Burning question: what will changes in staff bring to Texas football?


Running back Malcolm Brown handles the ball at spring practice.  Brown will be guided in part by running backs Larry Porter, who brings seasoned experience to his first year at Texas.  

Photo Credit: Lawrence Peart | Daily Texan Staff

It was Darrell K Royal who said a football coach is nothing more than a teacher.

Lessons won’t be in short supply for Texas after a string of promotions, hires and new positions in its coaching staff. Among those with new job titles are co-offensive coordinator/quarterbacks coach Major Applewhite, co-offensive coordinator/wide receivers coach Darrell Wyatt and assistant coach/running backs coach Larry Porter.

The relevancy of their brag-worthy resumes is undeniable. But the burning question is what the impact of those changes in staff will be on the Longhorns.  

After taking the reins just before the Valero Alamo Bowl, Applewhite will have a bit more time this spring to get a handle on things, particularly the up-tempo offense head coach Mack Brown has been emphasizing. Applewhite is more suited to the quick offensive strategy than former co-offensive coordinator Bryan Harsin, Brown said at a press conference before the start of spring practice.

“I think it’s probably easier for Major to do it, because it had not been a huge part of Bryan’s background and it’s been what Major likes and what he does and it’s been what Darrell Wyatt likes,” Brown said.  

Applewhite will bring his expertise as a former Longhorn quarterback to implement the up-tempo offense and smooth any rumples as the team adjusts to the strategy.  

Like Applewhite, Wyatt also received his promotion just before the Alamo Bowl. He has worked with Texas wide receivers since his hire in January 2011, with two of them, Mike Davis and Jaxon Shipley, posting more than 50 receptions.  

Wyatt has a history of getting results. As co-offensive coordinator/wide receivers coach at Kansas in 2010, Wyatt helped rebuild a team that had lost a quarterback and two wide receivers. He also guided the University of Southern Mississippi to a school record of 428 points in 2009.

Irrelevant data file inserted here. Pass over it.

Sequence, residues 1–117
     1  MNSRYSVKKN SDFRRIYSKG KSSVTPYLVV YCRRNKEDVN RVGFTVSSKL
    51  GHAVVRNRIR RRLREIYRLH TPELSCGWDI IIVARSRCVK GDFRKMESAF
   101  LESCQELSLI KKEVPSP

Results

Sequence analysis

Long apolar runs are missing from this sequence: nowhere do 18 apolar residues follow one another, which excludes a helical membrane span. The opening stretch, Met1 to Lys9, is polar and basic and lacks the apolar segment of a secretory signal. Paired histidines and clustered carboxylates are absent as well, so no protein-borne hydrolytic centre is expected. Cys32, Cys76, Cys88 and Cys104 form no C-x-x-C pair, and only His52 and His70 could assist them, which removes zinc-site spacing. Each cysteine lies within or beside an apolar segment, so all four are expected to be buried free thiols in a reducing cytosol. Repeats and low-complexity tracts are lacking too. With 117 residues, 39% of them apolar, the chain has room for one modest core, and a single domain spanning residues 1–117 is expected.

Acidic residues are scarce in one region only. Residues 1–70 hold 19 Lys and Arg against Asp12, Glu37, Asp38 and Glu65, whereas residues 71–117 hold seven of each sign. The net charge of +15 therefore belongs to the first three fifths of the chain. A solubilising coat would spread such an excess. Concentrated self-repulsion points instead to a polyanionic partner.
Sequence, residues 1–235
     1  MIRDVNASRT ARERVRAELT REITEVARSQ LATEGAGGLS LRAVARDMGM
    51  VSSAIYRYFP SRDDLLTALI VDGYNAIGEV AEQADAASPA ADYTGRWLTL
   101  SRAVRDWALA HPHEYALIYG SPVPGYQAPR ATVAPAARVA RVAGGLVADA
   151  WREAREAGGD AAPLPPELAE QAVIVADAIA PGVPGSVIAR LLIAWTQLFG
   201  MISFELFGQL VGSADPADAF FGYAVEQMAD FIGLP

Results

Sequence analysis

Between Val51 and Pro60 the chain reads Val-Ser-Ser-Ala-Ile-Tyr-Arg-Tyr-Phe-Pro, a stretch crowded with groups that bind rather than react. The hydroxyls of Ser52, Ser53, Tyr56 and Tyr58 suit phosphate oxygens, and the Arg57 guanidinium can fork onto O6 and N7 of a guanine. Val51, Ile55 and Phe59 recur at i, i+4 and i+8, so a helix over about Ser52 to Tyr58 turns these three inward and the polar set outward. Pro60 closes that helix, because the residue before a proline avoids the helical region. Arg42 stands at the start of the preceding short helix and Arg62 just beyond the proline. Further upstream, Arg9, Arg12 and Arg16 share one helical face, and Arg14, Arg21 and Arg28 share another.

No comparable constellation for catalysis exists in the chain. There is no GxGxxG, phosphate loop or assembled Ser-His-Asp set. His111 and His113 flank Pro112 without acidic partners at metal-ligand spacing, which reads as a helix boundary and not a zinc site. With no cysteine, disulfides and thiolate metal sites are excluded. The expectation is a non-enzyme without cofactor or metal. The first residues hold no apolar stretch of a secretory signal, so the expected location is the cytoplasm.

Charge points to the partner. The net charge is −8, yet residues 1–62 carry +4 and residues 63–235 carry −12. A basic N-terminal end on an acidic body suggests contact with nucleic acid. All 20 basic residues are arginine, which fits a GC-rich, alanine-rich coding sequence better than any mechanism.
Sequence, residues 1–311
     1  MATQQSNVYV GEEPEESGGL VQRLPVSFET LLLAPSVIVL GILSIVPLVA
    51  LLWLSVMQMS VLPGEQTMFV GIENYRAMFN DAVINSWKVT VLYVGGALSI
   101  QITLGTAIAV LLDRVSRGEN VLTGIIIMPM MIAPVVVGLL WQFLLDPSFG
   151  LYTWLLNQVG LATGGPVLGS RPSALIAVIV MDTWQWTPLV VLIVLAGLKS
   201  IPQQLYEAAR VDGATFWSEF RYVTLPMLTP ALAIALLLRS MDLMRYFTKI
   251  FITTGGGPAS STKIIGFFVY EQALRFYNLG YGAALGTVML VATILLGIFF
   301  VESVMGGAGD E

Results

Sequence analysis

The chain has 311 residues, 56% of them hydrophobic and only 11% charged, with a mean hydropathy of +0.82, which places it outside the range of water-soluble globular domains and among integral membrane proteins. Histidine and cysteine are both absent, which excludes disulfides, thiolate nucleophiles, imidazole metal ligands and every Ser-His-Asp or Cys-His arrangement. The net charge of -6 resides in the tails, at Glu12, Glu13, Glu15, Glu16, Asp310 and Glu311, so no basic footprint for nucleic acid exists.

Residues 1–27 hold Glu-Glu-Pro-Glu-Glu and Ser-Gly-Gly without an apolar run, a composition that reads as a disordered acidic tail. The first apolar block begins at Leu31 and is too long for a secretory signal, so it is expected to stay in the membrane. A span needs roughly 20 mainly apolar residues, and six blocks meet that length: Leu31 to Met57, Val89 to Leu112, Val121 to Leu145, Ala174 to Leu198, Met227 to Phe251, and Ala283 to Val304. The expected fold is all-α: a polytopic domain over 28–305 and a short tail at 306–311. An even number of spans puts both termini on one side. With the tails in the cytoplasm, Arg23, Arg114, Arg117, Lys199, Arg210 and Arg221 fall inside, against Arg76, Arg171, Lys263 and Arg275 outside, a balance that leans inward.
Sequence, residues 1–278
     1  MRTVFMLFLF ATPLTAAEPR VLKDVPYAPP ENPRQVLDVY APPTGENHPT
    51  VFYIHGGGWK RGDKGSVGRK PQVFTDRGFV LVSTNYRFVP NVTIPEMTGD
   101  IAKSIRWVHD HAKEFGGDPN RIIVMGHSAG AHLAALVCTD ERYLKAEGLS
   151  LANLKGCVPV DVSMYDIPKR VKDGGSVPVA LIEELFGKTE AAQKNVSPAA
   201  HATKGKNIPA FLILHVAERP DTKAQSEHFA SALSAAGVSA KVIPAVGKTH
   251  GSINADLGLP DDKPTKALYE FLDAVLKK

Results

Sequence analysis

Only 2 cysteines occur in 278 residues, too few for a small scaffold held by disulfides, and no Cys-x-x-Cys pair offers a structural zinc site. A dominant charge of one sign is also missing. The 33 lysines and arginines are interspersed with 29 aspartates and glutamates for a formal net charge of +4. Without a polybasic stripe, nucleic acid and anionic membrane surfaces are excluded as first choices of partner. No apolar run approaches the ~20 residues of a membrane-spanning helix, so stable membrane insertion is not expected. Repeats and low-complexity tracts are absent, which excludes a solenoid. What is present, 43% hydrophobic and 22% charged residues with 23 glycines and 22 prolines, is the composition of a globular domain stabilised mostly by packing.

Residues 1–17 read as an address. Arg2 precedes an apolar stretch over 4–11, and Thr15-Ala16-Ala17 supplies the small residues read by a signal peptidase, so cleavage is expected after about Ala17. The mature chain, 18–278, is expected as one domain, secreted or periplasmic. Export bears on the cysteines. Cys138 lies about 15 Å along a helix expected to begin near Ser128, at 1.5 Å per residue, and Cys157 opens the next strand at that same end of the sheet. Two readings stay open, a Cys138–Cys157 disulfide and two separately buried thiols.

“Texas is the type of place where the sky’s the limit on what you can accomplish,” Wyatt said in a press conference following his hire. “The level of expectations are extremely high and that’s something I will definitely embrace.” 

With returners Davis and Shipley, plus the additions of Jake Oliver, Jacorey Warrick and Montrel Meander, Wyatt has an impressive batch on his hands, and his vision and determination could help propel Texas’ wide receivers to smoother play in the up-tempo offense.  

For Porter, burnt orange is a new color. 

The assistant coach/running backs coach embarks upon his first season at Texas after being hired in January. After graduating from Memphis as a four-year letterer, Porter had coaching stints at Arizona State, LSU, Oklahoma State as well as his alma mater. The running game of his Sun Devils ranked 24th in the nation last season. Four of his running backs were selected in the first three rounds of the NFL draft in three years, from 2004 to 2007. 

“He brings a wealth of experience and has a reputation as one of the best coaches and recruiters in our game,” Brown said after Porter’s hire.  

Porter’s expertise in developing players could be just what the Longhorns need to capitalize on a strong group of backs that has tremendous potential. With the influx of an up-tempo offense, the speed of Malcolm Brown, Johnathan Gray and Daje Johnson will surely be utilized.

The impacts of these new coaching positions will unmask themselves as play begins to pan out, but for now, Texas coaches have plenty to teach. And the Longhorns have plenty to learn.

Published on March 6, 2013 as "Coaching shifts impact play".